The Village Boy & The City Damsel 2

Today’s post is the kind to get in me trouble. I am sure that it will make my mother call me aside and fill my head with lectures on why I should stop writing silly things about her on my blog. She will also take the opportunity to remind me for the gazillionth time that I am not her agemate and all that yada yada. But she is my muse for this story apende asipende. I know that other children are putting their mothers in brand new Bentleys while I am putting mine in my blog posts. Sisi ndio tuko! Hihihi!

You see, I was raised in a loving home led by two parents whose differences in personalities were as visible as Bro. Atwoli’s potbelly. My father was the clown who kept our ribs arching, the ‘nice’ parent who’d let us have our way on most occasions, the one obsessed with education, and the one who constantly reminded us that he loved us.

Mum on the other hand loved to laugh at dad’s jokes, was the strict parent who canned us like criminals, a bit flexible on education matters, and expected us to know that she loved us through her actions. She also liked to disagree with dad’s opinions just for shits and giggles. I bet that she would wait to hear his opinion on something solely so that she can disagree. Talk about Uchokozi kwa DNA. Through them, I learned to be more accepting of people and their differences.

I am a sucker for love. I may act Taliban outchea but deep down nataka mapenzi hohoho! So, I once asked mum how she met my father. I was really hoping that she would nostalgically narrate to me how she met the love of her life lakini wapi? Ooliskia wapi? She finished wiping her hands using a small kitchen towel then nonchalantly replied “I met him at a wedding.” Attempts to get more details on their love story hit a wall because she closed the discussion saying that she had better things to do. Wueh! If Taliban was a person, it’d be my mother. Imagine, every single time I tell her that love her when ending a phone call, she replies “Wewe uko na mchezo sana!” Mum, am I a joke to you?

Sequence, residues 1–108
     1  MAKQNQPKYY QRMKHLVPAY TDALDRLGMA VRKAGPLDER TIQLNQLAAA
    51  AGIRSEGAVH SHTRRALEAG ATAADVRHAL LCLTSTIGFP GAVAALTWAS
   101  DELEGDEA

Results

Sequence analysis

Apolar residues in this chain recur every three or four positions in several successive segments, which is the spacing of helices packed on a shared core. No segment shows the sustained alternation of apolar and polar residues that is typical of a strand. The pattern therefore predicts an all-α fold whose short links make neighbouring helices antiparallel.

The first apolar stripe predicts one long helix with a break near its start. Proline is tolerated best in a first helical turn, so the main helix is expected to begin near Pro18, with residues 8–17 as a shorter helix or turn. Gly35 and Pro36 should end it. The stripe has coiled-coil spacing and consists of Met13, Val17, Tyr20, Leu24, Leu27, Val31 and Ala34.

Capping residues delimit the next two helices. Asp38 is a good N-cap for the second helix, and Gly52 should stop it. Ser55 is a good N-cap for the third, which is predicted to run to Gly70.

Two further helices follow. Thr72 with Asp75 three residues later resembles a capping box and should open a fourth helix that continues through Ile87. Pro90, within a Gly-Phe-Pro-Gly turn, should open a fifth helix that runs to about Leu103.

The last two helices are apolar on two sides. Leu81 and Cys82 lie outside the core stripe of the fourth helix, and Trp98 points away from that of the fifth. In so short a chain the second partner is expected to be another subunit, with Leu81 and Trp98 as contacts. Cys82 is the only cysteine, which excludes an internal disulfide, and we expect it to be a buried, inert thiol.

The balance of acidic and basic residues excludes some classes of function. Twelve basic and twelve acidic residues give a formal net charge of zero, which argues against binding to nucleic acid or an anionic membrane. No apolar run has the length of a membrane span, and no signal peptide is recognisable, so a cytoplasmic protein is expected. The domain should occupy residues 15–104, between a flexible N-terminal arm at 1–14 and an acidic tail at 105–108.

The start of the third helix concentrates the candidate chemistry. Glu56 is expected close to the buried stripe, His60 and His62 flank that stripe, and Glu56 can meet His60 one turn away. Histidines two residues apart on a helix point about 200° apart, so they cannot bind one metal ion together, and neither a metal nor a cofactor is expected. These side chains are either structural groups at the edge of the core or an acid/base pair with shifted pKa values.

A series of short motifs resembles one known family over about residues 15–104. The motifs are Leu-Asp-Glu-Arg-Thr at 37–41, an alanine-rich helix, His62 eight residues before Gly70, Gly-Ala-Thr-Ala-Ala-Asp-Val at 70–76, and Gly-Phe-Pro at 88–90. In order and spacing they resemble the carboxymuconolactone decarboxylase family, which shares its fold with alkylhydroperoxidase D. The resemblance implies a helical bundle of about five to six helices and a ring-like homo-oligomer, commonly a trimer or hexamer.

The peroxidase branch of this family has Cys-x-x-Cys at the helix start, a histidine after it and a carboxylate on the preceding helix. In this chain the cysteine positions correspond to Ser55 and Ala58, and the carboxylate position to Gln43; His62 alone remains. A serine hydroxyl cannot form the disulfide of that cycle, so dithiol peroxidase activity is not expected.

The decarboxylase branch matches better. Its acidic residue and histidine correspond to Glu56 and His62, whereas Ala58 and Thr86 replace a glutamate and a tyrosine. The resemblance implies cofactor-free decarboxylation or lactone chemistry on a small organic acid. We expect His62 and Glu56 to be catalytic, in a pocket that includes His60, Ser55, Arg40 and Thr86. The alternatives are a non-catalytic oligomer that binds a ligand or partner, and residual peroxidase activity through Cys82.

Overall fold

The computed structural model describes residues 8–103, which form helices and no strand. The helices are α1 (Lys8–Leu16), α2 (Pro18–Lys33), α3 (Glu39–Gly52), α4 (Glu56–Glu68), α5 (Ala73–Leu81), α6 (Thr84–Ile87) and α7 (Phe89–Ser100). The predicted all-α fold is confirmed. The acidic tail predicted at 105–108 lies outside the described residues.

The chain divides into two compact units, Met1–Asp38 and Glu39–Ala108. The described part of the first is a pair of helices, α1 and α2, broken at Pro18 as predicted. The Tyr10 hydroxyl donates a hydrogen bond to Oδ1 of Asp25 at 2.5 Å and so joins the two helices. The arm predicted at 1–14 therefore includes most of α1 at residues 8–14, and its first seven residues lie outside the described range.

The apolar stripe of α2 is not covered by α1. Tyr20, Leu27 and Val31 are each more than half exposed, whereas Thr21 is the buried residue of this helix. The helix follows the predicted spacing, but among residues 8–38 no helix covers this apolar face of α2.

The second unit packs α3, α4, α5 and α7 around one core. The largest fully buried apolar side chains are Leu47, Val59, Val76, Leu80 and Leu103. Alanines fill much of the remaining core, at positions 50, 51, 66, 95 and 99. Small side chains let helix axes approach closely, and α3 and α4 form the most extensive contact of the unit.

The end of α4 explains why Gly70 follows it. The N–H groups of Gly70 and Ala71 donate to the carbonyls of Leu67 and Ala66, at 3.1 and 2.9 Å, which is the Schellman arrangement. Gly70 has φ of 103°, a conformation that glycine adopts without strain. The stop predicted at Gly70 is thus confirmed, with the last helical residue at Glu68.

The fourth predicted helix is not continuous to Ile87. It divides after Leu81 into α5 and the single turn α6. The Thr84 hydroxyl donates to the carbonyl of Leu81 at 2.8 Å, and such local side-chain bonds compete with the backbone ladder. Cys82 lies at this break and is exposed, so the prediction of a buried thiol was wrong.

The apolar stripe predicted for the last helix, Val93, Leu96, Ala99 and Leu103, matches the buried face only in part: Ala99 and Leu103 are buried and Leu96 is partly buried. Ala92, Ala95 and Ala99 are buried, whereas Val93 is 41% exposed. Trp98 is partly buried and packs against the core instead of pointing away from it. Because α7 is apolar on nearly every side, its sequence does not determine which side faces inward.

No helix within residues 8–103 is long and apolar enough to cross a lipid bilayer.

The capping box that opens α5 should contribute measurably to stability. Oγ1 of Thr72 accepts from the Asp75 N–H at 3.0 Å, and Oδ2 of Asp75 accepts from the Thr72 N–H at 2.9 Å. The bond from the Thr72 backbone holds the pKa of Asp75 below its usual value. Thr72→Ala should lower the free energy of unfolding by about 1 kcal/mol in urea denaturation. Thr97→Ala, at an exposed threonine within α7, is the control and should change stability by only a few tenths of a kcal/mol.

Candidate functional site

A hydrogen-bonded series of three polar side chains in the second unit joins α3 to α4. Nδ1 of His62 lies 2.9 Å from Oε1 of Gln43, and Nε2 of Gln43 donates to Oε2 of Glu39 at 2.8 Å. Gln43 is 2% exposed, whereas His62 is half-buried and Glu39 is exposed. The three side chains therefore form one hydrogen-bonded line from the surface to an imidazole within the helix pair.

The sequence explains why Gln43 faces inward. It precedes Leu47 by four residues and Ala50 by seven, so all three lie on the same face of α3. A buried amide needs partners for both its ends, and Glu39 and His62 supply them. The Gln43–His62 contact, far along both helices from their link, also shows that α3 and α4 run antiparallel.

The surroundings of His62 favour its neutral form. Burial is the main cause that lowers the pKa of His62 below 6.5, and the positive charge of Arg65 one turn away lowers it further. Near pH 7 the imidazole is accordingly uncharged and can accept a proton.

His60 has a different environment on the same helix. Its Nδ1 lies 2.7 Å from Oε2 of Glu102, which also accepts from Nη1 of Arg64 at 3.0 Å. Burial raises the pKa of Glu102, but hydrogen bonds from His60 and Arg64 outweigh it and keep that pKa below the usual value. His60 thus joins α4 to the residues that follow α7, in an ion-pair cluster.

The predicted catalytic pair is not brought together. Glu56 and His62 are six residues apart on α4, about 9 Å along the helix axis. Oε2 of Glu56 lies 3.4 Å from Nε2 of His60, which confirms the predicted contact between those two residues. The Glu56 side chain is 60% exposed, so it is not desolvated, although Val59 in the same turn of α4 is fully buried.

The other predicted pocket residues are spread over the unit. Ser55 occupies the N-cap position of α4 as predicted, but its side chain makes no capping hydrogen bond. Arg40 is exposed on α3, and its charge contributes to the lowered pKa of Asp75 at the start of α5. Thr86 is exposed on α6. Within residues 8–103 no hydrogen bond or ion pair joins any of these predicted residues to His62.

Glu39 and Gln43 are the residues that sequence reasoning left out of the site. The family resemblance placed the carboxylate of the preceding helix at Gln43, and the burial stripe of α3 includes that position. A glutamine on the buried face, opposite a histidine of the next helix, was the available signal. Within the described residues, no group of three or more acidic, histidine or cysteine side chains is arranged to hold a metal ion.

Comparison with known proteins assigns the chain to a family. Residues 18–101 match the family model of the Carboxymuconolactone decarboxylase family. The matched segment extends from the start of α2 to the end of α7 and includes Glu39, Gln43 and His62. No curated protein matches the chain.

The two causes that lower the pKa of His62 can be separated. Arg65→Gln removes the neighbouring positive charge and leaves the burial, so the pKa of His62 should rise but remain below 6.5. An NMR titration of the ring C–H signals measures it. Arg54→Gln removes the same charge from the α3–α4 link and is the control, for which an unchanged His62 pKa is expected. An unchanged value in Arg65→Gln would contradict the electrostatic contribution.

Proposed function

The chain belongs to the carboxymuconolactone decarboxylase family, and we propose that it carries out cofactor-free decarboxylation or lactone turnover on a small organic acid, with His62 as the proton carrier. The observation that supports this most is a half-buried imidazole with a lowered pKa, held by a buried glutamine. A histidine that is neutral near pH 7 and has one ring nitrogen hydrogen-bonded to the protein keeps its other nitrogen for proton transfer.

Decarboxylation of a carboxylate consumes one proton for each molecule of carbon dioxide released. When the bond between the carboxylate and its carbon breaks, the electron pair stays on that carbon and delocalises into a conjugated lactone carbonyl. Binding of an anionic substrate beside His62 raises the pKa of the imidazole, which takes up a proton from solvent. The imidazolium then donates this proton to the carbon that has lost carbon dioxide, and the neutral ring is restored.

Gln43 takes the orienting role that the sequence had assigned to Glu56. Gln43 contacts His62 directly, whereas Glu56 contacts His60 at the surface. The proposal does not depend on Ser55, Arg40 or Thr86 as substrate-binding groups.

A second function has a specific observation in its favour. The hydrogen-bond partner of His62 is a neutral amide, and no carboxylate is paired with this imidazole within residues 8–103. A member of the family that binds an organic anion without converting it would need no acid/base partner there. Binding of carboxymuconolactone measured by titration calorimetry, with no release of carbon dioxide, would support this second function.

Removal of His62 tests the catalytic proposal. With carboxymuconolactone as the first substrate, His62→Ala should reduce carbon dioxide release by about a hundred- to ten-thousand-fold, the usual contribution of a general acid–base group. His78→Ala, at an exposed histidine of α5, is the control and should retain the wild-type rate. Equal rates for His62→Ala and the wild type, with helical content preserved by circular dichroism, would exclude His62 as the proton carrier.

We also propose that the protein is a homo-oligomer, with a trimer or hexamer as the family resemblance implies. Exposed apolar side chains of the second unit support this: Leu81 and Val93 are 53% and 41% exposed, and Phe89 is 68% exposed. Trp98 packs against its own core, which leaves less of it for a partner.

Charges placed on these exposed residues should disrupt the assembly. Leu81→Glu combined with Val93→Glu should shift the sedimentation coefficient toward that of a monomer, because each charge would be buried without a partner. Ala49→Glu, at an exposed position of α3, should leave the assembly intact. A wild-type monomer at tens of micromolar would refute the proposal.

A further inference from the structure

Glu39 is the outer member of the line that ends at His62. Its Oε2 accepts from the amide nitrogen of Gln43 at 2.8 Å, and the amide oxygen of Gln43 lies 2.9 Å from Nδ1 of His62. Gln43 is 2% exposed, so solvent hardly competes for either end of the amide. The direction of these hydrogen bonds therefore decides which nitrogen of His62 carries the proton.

Anyway, I did not really believe that story. Something tells me that they must have met at Ugunja market. For those who don’t know Ugunja, it is the pearl of Siaya County. Ugunja boasts of a boisterous market which despite its tiny size is giving the peeps at Siaya town sleepless nights because, maendeleo nayo? OK… I am kidding. Ugunja is my hometown.

Now here is my theory. Ugunja is not far from my mum’s village. Mark that information because it is really important in this theory. Mum was raised in the city and would visit her village together with her siblings every holiday. Dad on the other hand was raised in the village. His father was the senior chief of the location. Like other young men, Dad must have loved to hang around the marketplace on market days with his mbogi to pass time and also you know, check out them fine ghels. Are we together mpaka hapo? OK.

According to my theory, mum must have been sent to Ugunja Market by her mother to get some household stuff on this day. She was probably in the company of her friends or her sisters, let’s just say her friends for the purpose of this theory. On this same day, dad must have gone to hang out at the same market. I have a feeling that they were both rocking their Sunday best because, market days must have been a big deal, you know, like their version of Koroga Festival or something. Mum must have been on her way out of the market when Dad spotted her. She was probably engrossed in a conversation with her girlies like:

Mum: Ladies! Can you believe that Omondi asked me out jana? (Mum must have liked to mix Swahili and English to show that she was raised in the city).